A Fish Out To Pasture


So the fish has been sent to pasture. The fish that never had its own name is now swimming freely. That’s what reduces my dissonance.


One day early in the last school year, Beasley came home and announced that, “We’re getting fish!” The class had built an aquarium/terrarium environment in class that consisted of interconnected chambers of what looked like mud. It was a class project on biology or ecology or something. When the project neared its scripted end the teacher asked who wanted to take home fish and my darling Beasley decided she was up to the task of fish ownership. Along with probably a dozen other kids. There was a lottery.

We found a book on fish and did some research on “mosquito fish” and bought the proper food (algae tablets). We went and got a small aquarium, some gravel, a few fake plants, and a filtration system. The whole get-up put me back something like thirty bucks. No biggie for what I thought would be several little fishies.

We set up Beasley’s first aquarium. I explained about oxygenating the water and pH balance and such. We told the cat that he couldn’t mess with it. The child was stoked.

I sent in a note to Mrs. G certifying that our family was all raring to go with fish ownership and, after school that very day Beasley came home with one tiny mosquito fish in a Dixie cup. I asked, “just one?” and Beas informed me that bunch of kids wanted fish (and their parents certified apparently) so each kid got one tiny mosquito fish. I’ve seen clipped toenails bigger. This was a tiny little creature.

Every few days Beasley would tell me that another of the mosquito fish cohort was dead. The last of the cadre died about two weeks after we all adopted. I felt it was My Parental Duty to prepare the kiddo for what was surely going to be a quick fish death. That was October.

Over the months Beasley, understandably, grew less and less interested in the fish–never named. With school, spelling bee, Girl scouts, lacrosse, soccer, softball, climbing, summer camps, trips, and all the shit a kid in this socioeconomic class does, the fish became background. I ended up as chief feeder and head tank cleaner.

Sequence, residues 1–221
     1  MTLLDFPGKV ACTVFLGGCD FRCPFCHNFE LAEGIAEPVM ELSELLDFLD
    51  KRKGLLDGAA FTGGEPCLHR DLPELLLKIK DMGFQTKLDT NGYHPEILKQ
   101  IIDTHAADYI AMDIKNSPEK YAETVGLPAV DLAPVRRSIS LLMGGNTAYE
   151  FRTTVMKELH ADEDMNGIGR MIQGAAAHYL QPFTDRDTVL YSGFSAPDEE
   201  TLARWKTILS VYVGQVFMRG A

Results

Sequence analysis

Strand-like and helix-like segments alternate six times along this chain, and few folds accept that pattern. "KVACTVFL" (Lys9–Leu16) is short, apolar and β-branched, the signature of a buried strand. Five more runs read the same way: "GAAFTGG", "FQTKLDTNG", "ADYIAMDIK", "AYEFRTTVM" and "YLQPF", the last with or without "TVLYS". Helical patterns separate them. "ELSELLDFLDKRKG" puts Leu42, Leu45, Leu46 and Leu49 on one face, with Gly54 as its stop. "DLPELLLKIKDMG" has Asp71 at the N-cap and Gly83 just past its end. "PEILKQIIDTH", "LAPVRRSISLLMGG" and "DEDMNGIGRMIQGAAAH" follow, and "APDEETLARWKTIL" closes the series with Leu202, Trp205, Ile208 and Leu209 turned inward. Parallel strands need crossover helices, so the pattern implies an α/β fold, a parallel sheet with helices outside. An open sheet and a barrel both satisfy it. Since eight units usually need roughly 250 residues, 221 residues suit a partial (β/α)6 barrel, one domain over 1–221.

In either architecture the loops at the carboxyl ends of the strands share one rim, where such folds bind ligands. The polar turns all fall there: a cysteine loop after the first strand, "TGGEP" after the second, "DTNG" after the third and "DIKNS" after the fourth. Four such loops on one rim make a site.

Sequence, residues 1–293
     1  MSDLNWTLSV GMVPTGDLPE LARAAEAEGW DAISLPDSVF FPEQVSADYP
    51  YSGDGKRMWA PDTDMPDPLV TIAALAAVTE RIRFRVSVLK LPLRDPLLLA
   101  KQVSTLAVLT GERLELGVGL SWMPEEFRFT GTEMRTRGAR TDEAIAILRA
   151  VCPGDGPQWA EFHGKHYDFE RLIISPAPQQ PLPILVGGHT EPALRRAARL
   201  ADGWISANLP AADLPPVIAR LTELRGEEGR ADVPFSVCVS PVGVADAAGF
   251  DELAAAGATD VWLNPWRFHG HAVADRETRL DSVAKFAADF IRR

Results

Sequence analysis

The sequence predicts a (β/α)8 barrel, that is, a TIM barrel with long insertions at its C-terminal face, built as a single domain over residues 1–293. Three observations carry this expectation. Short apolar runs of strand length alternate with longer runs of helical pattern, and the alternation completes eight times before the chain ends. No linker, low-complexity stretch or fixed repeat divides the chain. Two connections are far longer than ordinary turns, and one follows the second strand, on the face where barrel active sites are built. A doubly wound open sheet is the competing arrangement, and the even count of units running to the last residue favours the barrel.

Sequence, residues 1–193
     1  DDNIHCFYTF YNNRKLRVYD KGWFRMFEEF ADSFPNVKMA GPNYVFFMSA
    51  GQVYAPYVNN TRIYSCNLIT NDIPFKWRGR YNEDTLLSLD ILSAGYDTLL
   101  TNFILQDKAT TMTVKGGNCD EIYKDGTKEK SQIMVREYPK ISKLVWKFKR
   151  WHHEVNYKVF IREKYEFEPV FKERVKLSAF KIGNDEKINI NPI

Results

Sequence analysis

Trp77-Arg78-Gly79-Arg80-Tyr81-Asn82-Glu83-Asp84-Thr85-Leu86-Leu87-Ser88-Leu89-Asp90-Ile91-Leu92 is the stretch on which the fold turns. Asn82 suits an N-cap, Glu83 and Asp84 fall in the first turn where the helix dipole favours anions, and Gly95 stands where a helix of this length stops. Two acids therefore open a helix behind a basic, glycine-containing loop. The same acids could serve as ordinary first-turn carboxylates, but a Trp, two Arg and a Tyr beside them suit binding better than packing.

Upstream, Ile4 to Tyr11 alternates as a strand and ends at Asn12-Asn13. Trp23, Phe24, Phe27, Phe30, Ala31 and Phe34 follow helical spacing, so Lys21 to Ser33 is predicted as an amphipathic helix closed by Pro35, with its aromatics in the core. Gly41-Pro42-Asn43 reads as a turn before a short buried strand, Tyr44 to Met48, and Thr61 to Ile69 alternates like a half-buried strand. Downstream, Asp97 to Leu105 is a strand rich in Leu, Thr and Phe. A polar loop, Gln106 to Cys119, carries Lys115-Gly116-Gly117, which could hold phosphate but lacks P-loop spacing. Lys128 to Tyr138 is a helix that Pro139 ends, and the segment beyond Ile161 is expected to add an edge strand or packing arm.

The fish with no name that never grew past a half-inch was now my fish with no name that never grew past a half-inch.


Today, nine months after we welcomed fish–never named–into our home, we all decided that the fish wasn’t looking healthy. Tonight we leave on a trip. Instead coming home to a death or saddling our house sitter with flushing fish–never named–I had the bright idea to take the fish out to the lake for a proper goodbye. Maybe the fish will experience a moment of freedom, maybe the never-named will get eaten by a turtle. Maybe it will die instantly.

I told Beasley my well-considered plan; a plan that didn’t involve flushing. A plan that provided opportunity. I talked for a solid three minutes. I described my fatherly duty and felt that my reasoning and solutioning were solid.

Beasley told me, “OK. I don’t care.” Then she look at me and said, “I mean, I don’t mind. I understand. You can do it while I’m at art class.”


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